By JULES ALLEN
© St. Petersburg Times, published February 5, 2001
Feel free to browse
Yes, that's a long address, but boy is it worth the effort. Here's a collection of things you wished you had thought of mailing but never had the courage to. The list of mailed items includes things that have been deemed valuable, sentimental, unwieldy, pointless, potentially suspicious and disgusting. It's a hysterical romp that'll bring a smile to your face the next time you spend your entire lunchtime standing in line for stamps.
Ring Ma Bell
Saying native Floridian David Massey is a man with a passion for phones is stating the obvious. You'll find an almost overwhelming amount of information on the Bell Telephone System here. It's a good read for anybody with a passing interest in a service we take for granted. It chronicles everything from the birth of the telephone, as invented by Scotsman Alexander Graham Bell, to the demise of the monopoly in the early '80s. The depth of information is stunning and, with the exception of hawking his CD-ROM, it's a refreshing change from the ad-laden, content-light sites that are all too common.
Secure and free browsing
Quick! Use this site before the anti-Web-at-work backlash takes hold. I'm talking, of course, of the impending Web-free work environment many will endure over the next couple of years. Pretty soon, it will be back to having to read the newspaper and talking with your chums on the phone to while away the hours between 9 and 5. Nanny filters are everywhere and probably watch your every move at your place of work. But one thing they're not very good at is monitoring encrypted communications. So if you use this free service, Big Brother is going to have a hard time watching your Web-surfing habits and those subversive sites you visit. You know, Monster, Career Builder, Hotmail and such.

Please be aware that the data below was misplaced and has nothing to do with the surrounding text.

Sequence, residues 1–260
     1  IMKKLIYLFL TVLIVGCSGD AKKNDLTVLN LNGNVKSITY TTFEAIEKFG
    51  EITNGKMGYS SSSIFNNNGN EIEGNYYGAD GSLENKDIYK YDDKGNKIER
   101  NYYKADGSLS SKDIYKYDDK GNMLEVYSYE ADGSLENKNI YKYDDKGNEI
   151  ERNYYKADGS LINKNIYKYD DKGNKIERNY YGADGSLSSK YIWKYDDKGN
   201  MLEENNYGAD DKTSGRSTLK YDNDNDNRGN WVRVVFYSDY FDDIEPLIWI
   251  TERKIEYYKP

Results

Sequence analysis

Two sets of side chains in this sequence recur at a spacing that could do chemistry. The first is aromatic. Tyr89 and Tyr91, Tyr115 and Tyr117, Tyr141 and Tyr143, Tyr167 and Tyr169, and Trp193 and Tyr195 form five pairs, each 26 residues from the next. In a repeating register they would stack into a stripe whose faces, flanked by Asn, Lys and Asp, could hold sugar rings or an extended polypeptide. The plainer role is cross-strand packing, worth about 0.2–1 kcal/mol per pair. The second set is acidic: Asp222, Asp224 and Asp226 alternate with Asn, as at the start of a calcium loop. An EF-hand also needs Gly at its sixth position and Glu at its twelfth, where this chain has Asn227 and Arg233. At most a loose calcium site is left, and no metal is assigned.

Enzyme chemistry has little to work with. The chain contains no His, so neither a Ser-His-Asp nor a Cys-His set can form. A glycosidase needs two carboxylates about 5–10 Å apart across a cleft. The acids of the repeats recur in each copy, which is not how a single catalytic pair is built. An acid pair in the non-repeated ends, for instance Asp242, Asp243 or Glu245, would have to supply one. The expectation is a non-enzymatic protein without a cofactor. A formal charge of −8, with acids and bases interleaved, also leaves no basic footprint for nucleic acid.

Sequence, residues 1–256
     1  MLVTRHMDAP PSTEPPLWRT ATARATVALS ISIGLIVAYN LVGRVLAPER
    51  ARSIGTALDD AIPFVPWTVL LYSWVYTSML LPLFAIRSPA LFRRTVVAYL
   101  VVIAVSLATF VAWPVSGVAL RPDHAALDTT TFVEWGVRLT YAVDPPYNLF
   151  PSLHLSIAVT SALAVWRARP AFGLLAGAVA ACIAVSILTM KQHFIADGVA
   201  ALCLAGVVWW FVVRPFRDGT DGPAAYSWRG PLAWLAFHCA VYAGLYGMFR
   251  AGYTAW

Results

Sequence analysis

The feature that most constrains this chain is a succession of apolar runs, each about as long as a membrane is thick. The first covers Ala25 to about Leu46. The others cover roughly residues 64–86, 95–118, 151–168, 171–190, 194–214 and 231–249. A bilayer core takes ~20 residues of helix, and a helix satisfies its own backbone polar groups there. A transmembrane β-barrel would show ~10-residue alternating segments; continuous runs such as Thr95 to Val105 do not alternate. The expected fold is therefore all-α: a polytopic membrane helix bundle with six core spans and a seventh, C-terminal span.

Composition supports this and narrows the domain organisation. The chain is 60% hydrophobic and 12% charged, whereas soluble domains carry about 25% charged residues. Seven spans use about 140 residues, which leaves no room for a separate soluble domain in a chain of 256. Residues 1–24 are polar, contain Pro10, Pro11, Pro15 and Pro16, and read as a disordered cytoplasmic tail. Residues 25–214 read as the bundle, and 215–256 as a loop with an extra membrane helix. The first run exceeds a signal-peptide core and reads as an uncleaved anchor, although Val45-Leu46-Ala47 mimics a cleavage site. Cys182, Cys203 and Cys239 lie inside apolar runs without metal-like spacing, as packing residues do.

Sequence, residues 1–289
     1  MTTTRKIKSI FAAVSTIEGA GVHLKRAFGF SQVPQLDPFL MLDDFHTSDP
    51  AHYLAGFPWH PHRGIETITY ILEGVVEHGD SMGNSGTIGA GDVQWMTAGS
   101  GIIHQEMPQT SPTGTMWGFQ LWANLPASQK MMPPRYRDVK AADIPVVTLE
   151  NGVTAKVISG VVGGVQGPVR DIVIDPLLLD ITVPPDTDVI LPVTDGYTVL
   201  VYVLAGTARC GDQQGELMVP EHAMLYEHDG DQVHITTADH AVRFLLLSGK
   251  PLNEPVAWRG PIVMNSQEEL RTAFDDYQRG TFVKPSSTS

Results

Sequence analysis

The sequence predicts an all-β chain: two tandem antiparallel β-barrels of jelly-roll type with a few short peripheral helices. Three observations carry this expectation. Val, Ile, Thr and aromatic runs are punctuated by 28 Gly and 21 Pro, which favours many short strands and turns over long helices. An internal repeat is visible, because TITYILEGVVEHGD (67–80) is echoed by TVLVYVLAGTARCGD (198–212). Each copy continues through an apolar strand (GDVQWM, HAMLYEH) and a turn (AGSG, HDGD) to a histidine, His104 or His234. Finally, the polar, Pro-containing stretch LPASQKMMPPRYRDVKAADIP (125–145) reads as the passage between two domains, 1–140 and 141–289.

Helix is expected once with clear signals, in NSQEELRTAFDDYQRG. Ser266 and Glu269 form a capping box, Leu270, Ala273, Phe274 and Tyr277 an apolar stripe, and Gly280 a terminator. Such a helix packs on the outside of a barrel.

Testing the metal
Ah yes, just what I need. It's not enough to get strip-searched every time I fly, so I think I'll order up a bunch of these little beauties and see how the airport metal detectors like them. If your charm, wit and repartee aren't enough to have people remember you, perhaps you can make an impression by having your name, company and number cut out of stainless steel. I haven't seen it all yet, but I think it's on the horizon.
An easy connection
Mac OS 9 has a pretty nifty built-in feature that allows you to specify preferences for network settings. So you could, say, set up a location for home, on the road and one for the office. Or a friend's office or home and easily flip between each. Windows 2000 inadvertently offers this feature when you accidentally insert your Ethernet PC Card in the wrong slot on your laptop. But unless you realize what has happened, chances are you'll just guess that your network connection has bombed. IBM's hit-and-miss Alphaworks site knocks one out of the park with EasyConnect, a free utility for Windows that covers pretty much what the Mac does. It's about 5 megabytes, so it's a modem-friendly download.
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